Walla Walla’s Livery Stables
By Susan Monahan:
These days we take owning a car for granted and have trouble imagining how important a good livery stable was to a town up to the early 1900s. Livery stables were once essential to towns of just about any size, not just for residents but also for visitors. One could rent a horse or board one at a livery stable within walking distance of a hotel or home. Walla Walla had a number of good livery stables and we are fortunate that we can still see a couple of the finest of their time.
Livery is defined as the care and boarding of horses for a fee, and a horse owner could choose different boarding “plans.” One could pay just to have a horse housed in a livery stable but have responsibility for feeding and grooming it and even cleaning out its stall. Or an owner could subscribe to a more expensive plan where the livery stable did everything, in some cases even exercising or training a horse. A vital service was provided by these stables to those who did not own a horse. Liveries had coaches available for hire and even provided delivery and moving services. If one needed to move a piece of furniture, visit a relative in the country or just take a Sunday ride, it all started at the nearby livery.
In the 1880s one could board a horse downstairs at Mr. Small’s livery on Main Street and then go upstairs to take in a lecture or musical performance. The Small Livery Stables and Opera House is gone now, but its ornate appearance is represented accurately in the mural in Heritage Park. An imposing brick livery stable we can still see at 4th and Poplar was built in 1905 by Mordo MacDonald and housed 75 horses on three floors. Fires were common in livery stables; the Union Bulletin reports an especially big blaze in 1915 when nine horses died. Brick liveries were more likely to survive a fire and more likely to be repurposed rather than torn down. We still have a prime example at First and Poplar, the former McBride’s Livery. Mr. McBride boarded horses, rented carriages, and even provided an ambulance service. If one had an outing planned for a big group, an especially large “Tally Ho” carriage could be rented at McBride’s. Hack (short for hackney) carriage service was in demand around the clock. For night driving a hack was equipped with two ornate lamps lighted by sperm oil candles. Drivers at McBride’s were elegantly attired in navy blue uniforms and soldier-like caps. The brick building that remains was only part of McBride’s operation; large frame buildings stood where there is a parking lot now. McBride’s needed lots of space because they not only rented carriages, they built them; their finely-crafted hack carriages were sold in Walla Walla and Pendleton. A detailed article in the April 1908 issue of Up to the Times described McBride’s process of crafting a hack carriage and their photo of a McBride-produced carriage is pictured here.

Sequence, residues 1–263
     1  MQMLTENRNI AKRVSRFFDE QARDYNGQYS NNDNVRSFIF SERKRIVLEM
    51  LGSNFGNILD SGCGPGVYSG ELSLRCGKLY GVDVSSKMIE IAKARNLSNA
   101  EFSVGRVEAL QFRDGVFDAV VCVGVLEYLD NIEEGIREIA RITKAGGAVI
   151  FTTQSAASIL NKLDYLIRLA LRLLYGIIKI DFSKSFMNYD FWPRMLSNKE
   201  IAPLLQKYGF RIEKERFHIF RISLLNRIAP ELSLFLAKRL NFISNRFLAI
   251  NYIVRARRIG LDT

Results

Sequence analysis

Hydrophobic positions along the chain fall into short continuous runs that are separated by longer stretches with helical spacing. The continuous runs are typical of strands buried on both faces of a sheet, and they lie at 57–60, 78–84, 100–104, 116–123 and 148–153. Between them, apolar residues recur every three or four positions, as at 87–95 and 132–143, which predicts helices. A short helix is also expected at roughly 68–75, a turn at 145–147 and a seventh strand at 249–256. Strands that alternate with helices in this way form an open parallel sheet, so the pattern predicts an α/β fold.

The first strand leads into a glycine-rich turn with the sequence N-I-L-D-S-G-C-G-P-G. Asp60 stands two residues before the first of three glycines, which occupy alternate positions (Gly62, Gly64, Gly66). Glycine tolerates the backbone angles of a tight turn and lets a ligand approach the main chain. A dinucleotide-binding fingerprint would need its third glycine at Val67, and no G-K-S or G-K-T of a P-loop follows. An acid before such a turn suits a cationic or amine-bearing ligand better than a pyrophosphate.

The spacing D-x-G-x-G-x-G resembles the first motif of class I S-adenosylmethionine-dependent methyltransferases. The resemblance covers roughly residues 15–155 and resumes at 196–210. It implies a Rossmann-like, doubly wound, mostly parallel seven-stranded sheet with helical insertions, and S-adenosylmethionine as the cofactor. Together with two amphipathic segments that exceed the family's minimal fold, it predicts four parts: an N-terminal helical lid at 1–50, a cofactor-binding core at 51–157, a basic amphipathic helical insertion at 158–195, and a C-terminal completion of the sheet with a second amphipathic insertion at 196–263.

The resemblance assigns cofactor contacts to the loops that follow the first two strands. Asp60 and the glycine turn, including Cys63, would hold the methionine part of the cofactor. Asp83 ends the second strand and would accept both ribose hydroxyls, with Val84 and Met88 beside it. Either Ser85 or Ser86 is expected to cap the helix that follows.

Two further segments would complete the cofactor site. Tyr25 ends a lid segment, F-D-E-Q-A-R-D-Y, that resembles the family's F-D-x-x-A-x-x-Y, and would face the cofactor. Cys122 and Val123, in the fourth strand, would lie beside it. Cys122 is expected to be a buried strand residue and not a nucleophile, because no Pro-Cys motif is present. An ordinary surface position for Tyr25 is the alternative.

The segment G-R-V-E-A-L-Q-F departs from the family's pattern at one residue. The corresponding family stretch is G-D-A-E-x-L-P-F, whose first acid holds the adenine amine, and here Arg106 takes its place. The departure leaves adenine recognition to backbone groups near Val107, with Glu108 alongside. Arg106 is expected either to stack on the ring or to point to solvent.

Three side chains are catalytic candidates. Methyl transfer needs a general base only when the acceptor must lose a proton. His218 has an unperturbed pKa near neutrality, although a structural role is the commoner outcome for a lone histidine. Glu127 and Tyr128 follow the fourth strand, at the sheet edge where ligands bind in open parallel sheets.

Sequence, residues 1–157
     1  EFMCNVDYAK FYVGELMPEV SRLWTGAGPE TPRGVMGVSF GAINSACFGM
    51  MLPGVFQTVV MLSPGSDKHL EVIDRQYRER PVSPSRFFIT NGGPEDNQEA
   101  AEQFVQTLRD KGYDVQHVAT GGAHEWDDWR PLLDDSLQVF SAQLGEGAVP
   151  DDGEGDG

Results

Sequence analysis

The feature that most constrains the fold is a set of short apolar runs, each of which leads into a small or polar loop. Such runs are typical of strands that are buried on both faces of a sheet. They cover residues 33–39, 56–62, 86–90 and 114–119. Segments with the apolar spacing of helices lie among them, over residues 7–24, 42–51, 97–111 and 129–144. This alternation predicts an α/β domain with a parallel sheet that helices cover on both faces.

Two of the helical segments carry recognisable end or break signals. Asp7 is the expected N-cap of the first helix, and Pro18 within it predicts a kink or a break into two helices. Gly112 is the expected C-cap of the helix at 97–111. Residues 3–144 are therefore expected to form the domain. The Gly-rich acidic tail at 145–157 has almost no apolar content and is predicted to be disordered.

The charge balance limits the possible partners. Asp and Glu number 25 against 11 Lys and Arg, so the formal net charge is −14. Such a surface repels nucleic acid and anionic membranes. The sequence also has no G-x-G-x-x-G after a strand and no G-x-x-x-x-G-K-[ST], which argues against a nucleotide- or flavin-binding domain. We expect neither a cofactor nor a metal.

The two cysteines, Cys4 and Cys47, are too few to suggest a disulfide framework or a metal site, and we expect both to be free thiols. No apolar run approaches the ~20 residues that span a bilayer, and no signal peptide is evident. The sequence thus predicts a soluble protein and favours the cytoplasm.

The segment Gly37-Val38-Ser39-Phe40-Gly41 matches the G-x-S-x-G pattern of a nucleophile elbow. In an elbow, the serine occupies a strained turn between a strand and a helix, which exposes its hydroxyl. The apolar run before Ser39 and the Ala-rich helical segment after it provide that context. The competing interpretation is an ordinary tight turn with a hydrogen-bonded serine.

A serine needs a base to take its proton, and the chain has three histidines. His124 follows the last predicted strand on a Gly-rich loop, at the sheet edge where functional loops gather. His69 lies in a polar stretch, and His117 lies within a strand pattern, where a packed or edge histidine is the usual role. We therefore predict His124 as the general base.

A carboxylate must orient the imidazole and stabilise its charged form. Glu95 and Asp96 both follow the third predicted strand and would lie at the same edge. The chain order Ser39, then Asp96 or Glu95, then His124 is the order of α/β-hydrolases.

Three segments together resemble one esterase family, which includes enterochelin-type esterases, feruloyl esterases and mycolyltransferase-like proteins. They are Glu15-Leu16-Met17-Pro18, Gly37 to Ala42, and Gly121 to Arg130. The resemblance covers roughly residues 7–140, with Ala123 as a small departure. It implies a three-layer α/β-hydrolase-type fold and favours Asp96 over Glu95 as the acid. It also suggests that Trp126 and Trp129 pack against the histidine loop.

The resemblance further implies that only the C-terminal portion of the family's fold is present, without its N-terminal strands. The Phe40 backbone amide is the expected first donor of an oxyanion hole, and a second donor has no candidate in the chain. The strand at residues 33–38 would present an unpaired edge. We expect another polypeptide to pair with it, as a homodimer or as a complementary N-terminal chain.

In the early 1900s the livery business was starting to fade. The stables were threatened by the increasing number of automobiles and some even banned “horseless carriages” from their property. The McBrides gradually reduced their livery business and started to sell off their hack carriages. Charles McBride kept with the times by operating an auto taxi service out of his former livery business. It was probably with reluctance that Mr. McBride and other Walla Walla stable owners gave up their fine horses and stately carriages. It is fortunate that some of their buildings still stand and remind us that there was a time when we relied on livery stables to keep Walla Walla moving.